Developed economies have derived enormous benefit from integrating supply chains with emerging ones, but in many ways haven’t internalized the costs.
Cheap airfare led to hyper-travel that was unimaginable even 20 years ago. For me this means that I can live and work in London and return to my native Canada a few times per year to stay connected with family and friends. Millions of people now migrate great distances to live and work, leveraging their skills and knowledge in search of higher pay or even to just work in a different environment or culture. This isn’t exclusive to knowledge workers; I’m probably not the only one who’s marvelled at how hordes of Instagram models, participating in an endless party magically whisk themselves between the Balearics, Mykonos, Tulum and Bali. The ability to travel is no longer exclusive to the privileged classes and now seems to be perceived as an inalienable right. There’s an eye-opening heat map plotting the spread of the Covid-19 virus using Instagram account activity; the rapid spread of a deadly virus now in hindsight seems like an obvious cost of hyper-travel.
There are examples of maximum ‘operational leverage’ across our economy, and while it is easy to see who benefits, the risks and many externalities are not internalized by the beneficiaries. The margins or costs associated with the hyper-mobility of goods and people are too low to absorb any shocks to the relevant system, and too low to pay for even known external costs. Businesses such as shipping companies and airlines expanded by offering cheap rates at high volumes, but many are too weak to withstand a period of even short disruption, and they certainly don’t pay for the environmental costs of their services. So, when they crumble, or when ‘external costs’ become internalized, it will now fall on governments to pay for or fix the problem, many of which themselves are not equipped to cope.
The use of maximum operational leverage is seen nowhere better than companies such as the FANGs, or Facebook, Amazon, Netflix and Google. These companies can leverage the ubiquitous nature of their services to pay tax in the lowest cost jurisdiction, to leverage technological advantages to extract enormous profits with relatively tiny labour inputs and have used their early advantages to create near-monopolies. While they have created enormous value for their shareholders and customers, governments have not found a way to make them pay their fair share of tax. Just think of the external costs of all the Amazon deliveries (pollution and plastic), the social costs of social media addiction or even just the cost of regulating these companies to ensure they’re playing fairly.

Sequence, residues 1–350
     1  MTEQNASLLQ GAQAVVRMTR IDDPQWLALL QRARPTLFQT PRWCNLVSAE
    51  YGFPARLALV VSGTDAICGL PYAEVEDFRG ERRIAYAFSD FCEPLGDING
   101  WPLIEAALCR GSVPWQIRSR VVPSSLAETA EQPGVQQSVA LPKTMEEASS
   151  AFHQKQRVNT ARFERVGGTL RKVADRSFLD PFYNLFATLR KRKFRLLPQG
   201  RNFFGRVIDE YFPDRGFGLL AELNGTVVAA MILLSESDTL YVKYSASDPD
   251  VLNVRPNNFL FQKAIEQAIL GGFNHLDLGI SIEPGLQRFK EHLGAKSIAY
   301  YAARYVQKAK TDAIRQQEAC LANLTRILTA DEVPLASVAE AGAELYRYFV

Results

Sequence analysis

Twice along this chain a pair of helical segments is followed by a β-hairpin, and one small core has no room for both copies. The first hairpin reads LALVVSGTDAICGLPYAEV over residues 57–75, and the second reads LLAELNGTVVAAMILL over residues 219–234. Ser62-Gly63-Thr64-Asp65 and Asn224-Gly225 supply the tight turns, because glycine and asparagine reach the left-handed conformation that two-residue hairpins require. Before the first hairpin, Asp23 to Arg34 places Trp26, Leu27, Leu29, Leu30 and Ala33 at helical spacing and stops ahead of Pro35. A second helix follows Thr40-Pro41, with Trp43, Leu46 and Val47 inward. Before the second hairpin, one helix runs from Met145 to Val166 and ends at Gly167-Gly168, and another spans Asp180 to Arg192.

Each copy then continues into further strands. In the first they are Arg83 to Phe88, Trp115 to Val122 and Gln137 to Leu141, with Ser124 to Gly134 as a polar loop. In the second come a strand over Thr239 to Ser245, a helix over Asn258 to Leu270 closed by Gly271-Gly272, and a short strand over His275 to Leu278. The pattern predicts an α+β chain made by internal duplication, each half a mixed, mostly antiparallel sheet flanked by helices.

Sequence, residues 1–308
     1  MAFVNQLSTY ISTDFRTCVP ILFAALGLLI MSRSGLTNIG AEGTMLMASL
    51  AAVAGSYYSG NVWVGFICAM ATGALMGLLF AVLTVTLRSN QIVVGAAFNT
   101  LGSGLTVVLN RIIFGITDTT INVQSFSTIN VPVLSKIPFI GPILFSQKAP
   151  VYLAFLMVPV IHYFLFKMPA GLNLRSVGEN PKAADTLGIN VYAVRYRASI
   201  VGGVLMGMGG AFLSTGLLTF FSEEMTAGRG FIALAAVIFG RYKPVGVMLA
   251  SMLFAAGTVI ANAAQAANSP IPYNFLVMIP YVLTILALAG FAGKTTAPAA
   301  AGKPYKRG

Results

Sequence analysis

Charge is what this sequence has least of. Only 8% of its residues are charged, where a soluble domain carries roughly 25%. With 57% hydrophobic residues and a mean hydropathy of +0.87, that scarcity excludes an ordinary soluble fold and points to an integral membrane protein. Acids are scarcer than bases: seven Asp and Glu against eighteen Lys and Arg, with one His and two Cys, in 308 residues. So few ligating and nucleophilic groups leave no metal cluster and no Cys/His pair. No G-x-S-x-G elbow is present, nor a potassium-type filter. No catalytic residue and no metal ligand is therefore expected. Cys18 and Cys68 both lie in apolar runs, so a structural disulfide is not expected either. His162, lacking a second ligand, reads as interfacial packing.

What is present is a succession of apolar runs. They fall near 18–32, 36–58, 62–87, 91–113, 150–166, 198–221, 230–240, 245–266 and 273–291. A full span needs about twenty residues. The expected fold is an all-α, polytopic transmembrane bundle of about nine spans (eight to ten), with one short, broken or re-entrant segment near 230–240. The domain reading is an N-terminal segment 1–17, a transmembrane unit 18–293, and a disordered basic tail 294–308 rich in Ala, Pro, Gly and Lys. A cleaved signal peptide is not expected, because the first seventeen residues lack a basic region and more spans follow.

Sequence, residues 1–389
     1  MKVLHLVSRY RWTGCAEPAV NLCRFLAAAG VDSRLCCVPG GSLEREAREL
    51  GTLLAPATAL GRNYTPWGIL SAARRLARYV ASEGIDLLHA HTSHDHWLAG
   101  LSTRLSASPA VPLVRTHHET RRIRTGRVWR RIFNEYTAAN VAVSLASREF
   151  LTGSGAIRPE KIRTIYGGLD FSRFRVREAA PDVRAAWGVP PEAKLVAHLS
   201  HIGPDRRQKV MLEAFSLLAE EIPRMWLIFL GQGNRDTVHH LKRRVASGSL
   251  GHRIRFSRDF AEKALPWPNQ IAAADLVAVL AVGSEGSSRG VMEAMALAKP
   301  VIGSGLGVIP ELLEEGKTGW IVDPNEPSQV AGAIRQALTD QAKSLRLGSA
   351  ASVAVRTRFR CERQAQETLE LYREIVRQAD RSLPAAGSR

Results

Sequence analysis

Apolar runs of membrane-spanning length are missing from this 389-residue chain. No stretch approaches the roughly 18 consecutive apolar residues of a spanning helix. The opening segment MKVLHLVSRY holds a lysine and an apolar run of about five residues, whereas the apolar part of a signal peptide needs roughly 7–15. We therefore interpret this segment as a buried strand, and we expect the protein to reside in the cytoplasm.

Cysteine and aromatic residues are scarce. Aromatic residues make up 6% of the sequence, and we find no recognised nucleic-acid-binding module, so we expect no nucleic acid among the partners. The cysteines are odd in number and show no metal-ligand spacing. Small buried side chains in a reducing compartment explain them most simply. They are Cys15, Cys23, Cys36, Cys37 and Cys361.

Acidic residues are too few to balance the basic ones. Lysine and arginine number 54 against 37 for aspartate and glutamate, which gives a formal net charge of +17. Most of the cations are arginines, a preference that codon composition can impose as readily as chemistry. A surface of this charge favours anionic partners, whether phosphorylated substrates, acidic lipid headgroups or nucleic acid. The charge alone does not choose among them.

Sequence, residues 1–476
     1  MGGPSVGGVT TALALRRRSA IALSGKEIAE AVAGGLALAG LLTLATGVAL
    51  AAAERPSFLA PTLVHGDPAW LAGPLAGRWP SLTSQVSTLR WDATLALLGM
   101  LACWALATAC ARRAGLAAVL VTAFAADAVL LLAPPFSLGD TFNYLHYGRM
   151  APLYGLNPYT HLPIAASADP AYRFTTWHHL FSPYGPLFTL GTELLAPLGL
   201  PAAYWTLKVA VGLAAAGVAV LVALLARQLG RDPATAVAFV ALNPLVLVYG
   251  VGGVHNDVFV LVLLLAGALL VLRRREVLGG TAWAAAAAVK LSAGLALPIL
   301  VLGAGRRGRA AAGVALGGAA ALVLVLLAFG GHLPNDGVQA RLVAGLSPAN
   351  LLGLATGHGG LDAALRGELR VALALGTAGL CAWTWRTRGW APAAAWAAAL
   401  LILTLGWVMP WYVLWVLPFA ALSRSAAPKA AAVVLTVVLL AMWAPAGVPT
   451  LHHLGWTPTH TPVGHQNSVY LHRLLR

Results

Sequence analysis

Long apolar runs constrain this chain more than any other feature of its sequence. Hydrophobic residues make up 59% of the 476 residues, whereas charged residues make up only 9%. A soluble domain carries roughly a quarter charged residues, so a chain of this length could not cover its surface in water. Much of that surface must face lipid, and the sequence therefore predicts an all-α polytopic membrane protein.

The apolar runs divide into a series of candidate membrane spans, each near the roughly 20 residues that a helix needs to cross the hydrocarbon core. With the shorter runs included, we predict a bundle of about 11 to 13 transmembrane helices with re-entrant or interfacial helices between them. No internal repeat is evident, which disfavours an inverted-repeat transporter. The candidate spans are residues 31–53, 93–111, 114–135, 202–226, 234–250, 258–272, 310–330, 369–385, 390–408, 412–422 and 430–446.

Politicians are currently being forced to make calculations they are ridiculously ill-equipped to make. They need to quickly enact measures to prevent the spread of the deadly virus, while balancing those measures with ensuring their healthcare systems remain functional, all in a way that doesn’t completely kill their economies (which could cause much deeper problems than the virus itself). But politicians don’t have the tools or resources to best make these calculations. Imagine if Google, Amazon and Facebook were required to make ‘solving’ the current Covid-19 crisis a priority; maybe we would have to sacrifice privacy, but I wonder how the response would differ? There must be a way to better use the technology available to these companies for public good, whether it be tracking the spread of the virus to seeing which prevention measures actually work or coordinating research and data amongst scientific communities. Of course, there are examples of this already happening, but the point is that they’re small relative to the amounts these companies have privately benefited.